Tag: Clinton Street

George W. Anderson

GEORGE W. ANDERSON was born in New Jersey in May of 1862. He married around 1882, by the time the census was taken in 1900 his wife Lizzie had bore eight children, four of whom were living at the time, Harry, Nellie, Herbert, and Russell Anderson, another son, Albert, was born around 1902. George W. Anderson was already serving as a member of the Camden Police Department, having joined the force sometime after 1890. The Anderson family was then living at 711 Carman Street, in what was then Camden’s 9th Ward. The Andersons had moved to 605 Carman Street by 1906, and remained at that address through the summer of 1910.

By 1914 the Andersons had moved to 582 Clinton Street, where they would remain through 1920. This home had been the residence in the 1880s and 1890s of Camden educators Professor Horatio Draper and his daughter Agnes Draper.

George W. Anderson had been promoted to Sergeant by 1916, and was still on the Camden police force in January of 1920.

In 1921 Sergeant Anderson took ill. He was operated on in Philadelphia, surviving only due to the availability of blood donated by his brother officers. He took ill again in January of 1922. George W. Anderson and Lizzie Anderson do not appear in the 1924 City Directory or the 1930 Census. It is likely that they had passed on by then. Son Herbert Anderson joined the Camden Police Department in the early 1920s and rose to the rank of lieutenant before passing away in November of 1939. Another son, Russell J. Anderson, served with the Camden Fire Department for over 27 years, from December of 1930 until his death in June of 1958.

Edwin F. Allen

EDWIN FORREST ALLEN was appointed to the Camden Fire Department on October 9, 1872, as a replacement for David B. Sparks, who had resigned. He served as an extra man with the Hook and Ladder Company (present-day Ladder Company 1). He was resigned from his position with the Fire Department on June 30, 1873. He was replaced by John Gray. Edwin F. Allen was on occasion recorded as Edward F. Allen, however, Edwin was his given name.

Roxie’s Pals Confess

With four suspects, including Roxie Allen, Camden welterweight boxer, still held without bail, the State Police today continued their search for the fifth bandit in the $200 holdup of a Landisville poolroom Sunday afternoon.

Roxie Allen Held as One of Gang in Dice Game Holdup

Roxie Allen, Camden’s famed welterweight boxer, and one of his pals were arrested last night and Identified, according to police, as two of four men who held up a craps game early yesterday at Landisville. Loot is said to have totaled between $150 and $200.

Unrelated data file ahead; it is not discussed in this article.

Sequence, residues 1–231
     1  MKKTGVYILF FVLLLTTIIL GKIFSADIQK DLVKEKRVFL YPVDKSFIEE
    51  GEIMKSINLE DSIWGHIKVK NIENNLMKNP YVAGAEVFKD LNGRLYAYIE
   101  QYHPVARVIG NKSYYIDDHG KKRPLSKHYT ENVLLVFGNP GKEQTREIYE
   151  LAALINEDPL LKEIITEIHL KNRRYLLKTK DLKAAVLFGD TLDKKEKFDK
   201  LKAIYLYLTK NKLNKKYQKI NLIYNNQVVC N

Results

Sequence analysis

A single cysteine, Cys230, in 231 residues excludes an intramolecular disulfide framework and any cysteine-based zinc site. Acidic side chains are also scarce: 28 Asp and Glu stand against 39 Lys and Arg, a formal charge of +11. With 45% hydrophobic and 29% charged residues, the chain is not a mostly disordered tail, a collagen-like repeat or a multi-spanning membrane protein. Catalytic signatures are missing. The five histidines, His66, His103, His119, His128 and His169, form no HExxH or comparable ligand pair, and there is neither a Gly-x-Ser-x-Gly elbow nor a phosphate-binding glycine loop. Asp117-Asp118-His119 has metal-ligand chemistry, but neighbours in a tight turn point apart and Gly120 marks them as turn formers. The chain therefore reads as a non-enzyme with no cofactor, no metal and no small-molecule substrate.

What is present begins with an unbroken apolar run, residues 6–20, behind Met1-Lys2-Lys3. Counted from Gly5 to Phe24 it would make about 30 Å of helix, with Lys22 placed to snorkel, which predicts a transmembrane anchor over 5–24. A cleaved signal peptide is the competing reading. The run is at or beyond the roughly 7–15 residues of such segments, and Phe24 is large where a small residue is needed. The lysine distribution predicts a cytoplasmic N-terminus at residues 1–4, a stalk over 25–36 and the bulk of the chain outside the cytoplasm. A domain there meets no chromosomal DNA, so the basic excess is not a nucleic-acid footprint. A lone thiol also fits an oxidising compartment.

Bail Is Denied Roxie Allen in Robbery of 15 in Craps Game

Identified as four of the five bandits who held up and robbed 15 men at a craps game in a Landisville poolroom yesterday, Roxie Allen, well-known South Jersey boxer, and three other South Camden youths are under arrest today.

Sergeant George Anderson Ill

The many friends of Sergeant George W. Anderson of the Third District will be sorry indeed to learn that he is again seriously ill at his South Camden home, 582 Clinton Street. Several months ago Sergeant Anderson underwent an operation in a Philadelphia hospital, his life being saved by the transfusion of blood from the arms of heroic comrades. Last week he suffered a relapse from an internal ailment and yesterday was said to be in a critical condition.

Attacked at Third and Mickle streets, Camden, late Monday night by a man, Mrs. Bessie O. Day, of Seventh and Clinton streets, had her clothing cutt in strips. The man, said to be a male acquaintance, followed Mrs. Day off a ferryboat and attacked her near the P. R. R. Y. M. C. A. A. Building into which the frightened woman ran for protection. He wielded a razor and came within an inch of slashing the woman's throat. The police were notified and are looking for the man, whose name is known.

News and Incidents of a Day in Camden

Attacked at Third and Mickle streets, Camden, late Monday night by a man, Mrs. Bessie O. Day, of Seventh and Clinton streets, had her clothing cutt in strips. The man, said to be a male acquaintance, followed Mrs. Day off a ferryboat and attacked her near the P. R. R. Y. M. C. A. A. Building into which the frightened woman ran for protection. He wielded a razor and came within an inch of slashing the woman’s throat. The police were notified and are looking for the man, whose name is known.